Operators are the building block of any expression that we see. Be it mathematical or logical, without operators it would become very difficult to explain what operations we want to perform.

Imagine having to drive a car that does not have a steering wheel, it would be impossible to tell where the car is going to go. Similarly, without operators, we would not be able to make the compiler or interpreter of our code understand what operations we are performing. One such operator we shall see today is the XOR operator.

**What is the XOR operator?**

Also known as the exclusive OR, the XOR operator is a bitwise operator. *What are bitwise operators?* Any operator that operates on binary numbers is called a bitwise operator. They are used to perform some special operation on a binary string, that is a sequence of 0s and 1s.

Binary operators are used to performing operations on the bit level, which affects every bit in the number individually.

So, What is an exclusive OR operator? **The XOR operation returns a 1 if the two operand bits are different and it returns 0 if the two operand bits are the same. **

Let us simplify the technical jargon a bit! Take two binary numbers, 1100 and 0010. '⊕' is the symbol for the exclusive OR operation and the XOR operation between the two binary numbers can be written as:

**1100 ⊕ 0010**

the result of this will be 1110.

How did we get that result? Let us see the results bit by bit, literally speaking, have a look at the following table to understand how the results came.

A |
B |
Result |

1 | 0 | 1 |

1 | 0 | 1 |

0 | 1 | 1 |

0 | 0 | 0 |

What do we notice? When the two bits are different, the resulting bit is always 1 and when the two bits are the same, the resulting bit is always 0. That is the rule for Exclusive OR. Here is an image for easy reference:

Now that we know how it works mathematically, let's see its implementation in python.

**How to find XOR value in python?**

**The XOR operator in python can be applied using the “^” symbol.** The XOR operator is used in various situations that we shall see in the section below, for now, let us have a look at how the code is implemented:

A = 0b1100 B = 0b0010 print(bin(A^B))

**Output:**

0b1110

**Use cases of XOR**

**01) Encryption**

Exclusive OR is one of the first methods that was used in encryption. It is a very naive method but it is very easy to implement. Though using exclusive OR alone is a very weak method of implementing encryption, combined with other methods, it can create powerful encryption.

Let us have a look at an example of how encryption using XOR or exclusive OR would look. We have a data item '10' that we want to send across to our friend. First, we decide on a key, which is a number that only we and our friends will know. Let us say this key is 5. The next step is using this key for encrypting the number.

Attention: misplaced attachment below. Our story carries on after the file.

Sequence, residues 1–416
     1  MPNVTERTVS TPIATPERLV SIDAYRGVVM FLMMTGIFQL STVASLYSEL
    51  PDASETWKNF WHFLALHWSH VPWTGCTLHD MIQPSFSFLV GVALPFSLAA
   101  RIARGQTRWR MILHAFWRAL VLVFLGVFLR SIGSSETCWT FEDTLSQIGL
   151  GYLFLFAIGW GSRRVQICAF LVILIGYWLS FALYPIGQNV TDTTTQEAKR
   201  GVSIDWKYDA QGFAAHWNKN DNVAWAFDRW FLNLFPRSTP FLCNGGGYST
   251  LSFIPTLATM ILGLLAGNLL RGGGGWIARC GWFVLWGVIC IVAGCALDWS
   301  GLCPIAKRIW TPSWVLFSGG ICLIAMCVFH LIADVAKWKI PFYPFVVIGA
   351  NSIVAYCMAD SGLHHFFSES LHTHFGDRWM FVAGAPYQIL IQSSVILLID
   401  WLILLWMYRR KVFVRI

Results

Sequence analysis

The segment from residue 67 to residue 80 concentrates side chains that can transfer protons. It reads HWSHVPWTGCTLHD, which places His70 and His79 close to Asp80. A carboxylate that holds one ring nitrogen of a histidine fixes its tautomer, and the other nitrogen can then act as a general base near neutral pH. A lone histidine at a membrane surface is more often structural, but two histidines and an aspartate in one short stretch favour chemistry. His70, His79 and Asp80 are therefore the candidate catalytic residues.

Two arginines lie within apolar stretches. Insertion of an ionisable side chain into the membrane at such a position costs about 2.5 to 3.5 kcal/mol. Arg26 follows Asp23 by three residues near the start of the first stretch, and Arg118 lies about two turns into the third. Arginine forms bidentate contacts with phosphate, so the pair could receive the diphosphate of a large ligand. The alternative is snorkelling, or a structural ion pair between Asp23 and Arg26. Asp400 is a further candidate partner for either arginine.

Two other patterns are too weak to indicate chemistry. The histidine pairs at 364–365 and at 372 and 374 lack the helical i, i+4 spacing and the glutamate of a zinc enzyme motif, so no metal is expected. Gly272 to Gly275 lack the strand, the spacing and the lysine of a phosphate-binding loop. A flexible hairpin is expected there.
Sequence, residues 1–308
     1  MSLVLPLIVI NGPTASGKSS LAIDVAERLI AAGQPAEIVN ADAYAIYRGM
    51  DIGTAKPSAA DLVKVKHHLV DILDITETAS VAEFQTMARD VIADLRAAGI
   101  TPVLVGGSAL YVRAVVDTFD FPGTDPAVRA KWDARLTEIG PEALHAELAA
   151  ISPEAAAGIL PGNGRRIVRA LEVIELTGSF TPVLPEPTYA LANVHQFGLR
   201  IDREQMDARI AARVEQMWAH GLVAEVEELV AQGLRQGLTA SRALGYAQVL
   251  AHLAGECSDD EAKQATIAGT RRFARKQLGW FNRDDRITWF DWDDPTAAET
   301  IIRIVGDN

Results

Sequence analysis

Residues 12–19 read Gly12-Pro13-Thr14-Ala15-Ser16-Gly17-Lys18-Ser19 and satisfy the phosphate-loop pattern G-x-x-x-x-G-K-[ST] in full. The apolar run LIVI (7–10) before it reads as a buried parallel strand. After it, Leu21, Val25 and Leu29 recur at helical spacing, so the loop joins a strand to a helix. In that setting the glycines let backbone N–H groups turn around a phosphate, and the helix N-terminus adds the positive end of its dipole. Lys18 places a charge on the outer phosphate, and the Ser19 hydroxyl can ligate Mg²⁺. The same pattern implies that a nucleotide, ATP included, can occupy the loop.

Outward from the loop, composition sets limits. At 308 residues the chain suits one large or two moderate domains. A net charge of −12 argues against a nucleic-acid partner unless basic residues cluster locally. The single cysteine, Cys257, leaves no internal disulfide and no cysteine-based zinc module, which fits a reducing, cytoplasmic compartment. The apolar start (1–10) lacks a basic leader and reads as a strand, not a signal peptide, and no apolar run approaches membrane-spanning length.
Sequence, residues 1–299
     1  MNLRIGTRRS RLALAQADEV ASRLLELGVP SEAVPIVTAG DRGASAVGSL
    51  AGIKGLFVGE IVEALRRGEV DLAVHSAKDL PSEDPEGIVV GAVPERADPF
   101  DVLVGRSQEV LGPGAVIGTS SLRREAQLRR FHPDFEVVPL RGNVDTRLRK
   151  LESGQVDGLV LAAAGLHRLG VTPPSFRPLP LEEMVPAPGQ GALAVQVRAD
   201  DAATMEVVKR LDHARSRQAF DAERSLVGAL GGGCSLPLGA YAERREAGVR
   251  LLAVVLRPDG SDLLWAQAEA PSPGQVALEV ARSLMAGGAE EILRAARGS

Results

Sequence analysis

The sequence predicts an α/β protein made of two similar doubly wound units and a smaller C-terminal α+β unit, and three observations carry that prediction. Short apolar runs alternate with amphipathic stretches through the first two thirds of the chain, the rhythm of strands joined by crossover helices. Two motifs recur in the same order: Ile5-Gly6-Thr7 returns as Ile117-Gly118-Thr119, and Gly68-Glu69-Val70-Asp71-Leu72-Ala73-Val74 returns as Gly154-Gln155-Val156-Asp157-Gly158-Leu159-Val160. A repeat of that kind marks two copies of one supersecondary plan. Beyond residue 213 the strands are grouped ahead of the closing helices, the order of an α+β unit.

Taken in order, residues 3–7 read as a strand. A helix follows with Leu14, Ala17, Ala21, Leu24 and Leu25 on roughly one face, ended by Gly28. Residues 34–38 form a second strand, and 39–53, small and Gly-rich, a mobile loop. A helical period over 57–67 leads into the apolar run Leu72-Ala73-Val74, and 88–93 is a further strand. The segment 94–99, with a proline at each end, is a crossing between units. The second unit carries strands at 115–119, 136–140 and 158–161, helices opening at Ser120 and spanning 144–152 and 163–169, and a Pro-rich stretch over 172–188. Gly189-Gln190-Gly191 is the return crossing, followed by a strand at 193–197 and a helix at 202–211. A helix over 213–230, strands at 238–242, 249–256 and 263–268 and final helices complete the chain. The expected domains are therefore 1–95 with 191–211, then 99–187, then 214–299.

We perform the XOR operation on 10 and 5. The interpreter will first convert the decimal numbers to binary numbers and then perform the operation. Once the resulting binary number is found, it converts it back to a decimal number again. So,

**10 ⊕ 5 = 1010 ⊕ 0101 = 1111 = 15**

After getting the result 15 we send the encrypted message to our friend. Our friend receives the encrypted message 15 and needs to extract the actual message. They use the common key we had decided first, they perform the XOR operation on 15 and 5.

**15 ⊕ 5 = 1111 ⊕ 0101 = 1010 = 10**

Now our friend has the original message.

**02) Swapping Two Numbers**

We just saw how the XOR operation is used for encryption, let us now see how it can be used to perform the swap between two numbers. Let us say we have two numbers 10 and 15 that we wish to swap. 10 is stored in variable A and 15 is stored in variable B. We perform the swaps using the XOR operation in the following manner:

**A ⊕ B = 10 ⊕ 15 = 1010 ⊕ 1111 = 0101 = 5**

We store the result in A, so A becomes 0101. Now, we do A ⊕ B again,

**A ⊕ B = 5 ⊕ 15 = 0101 ⊕ 1111 = 1010 = 10**

We store this result in B, so B becomes 1010. Then we perform A ⊕ B again,

**A ⊕ B = 0101 ⊕ 1010 = 1111 = 15**

We store this result in A. Therefore now the values of A and B are 15 and 10. The swap has taken place. What actions did we perform?

- A = A ⊕ B
- B = A ⊕ B
- A = A ⊕ B

Here is the source code for implementation:

A = 10 B = 15 print("Before:",A,B) A = A^B B = A^B A = A^B print("After",A,B)

**Output:**

Before: 10 15 After 15 10

**03) Checking equality**

How do we use XOR for checking equality? Do we know the fundamental rule about XOR? It returns 1 if the two operands are different and 0 if the two operands are the same.

Let us say we had to compare two boolean values. We can XOR the two boolean values and if it returns 1 we can say they are not equal and if it returns 0 we can say they are equal.

**Conclusion**

We saw one of the bitwise operators, the XOR or Exclusive OR operator. Bitwise operators work on the given operands one bit by one bit. The XOR operation is also used for various tasks like encryption, swapping, and equality checks.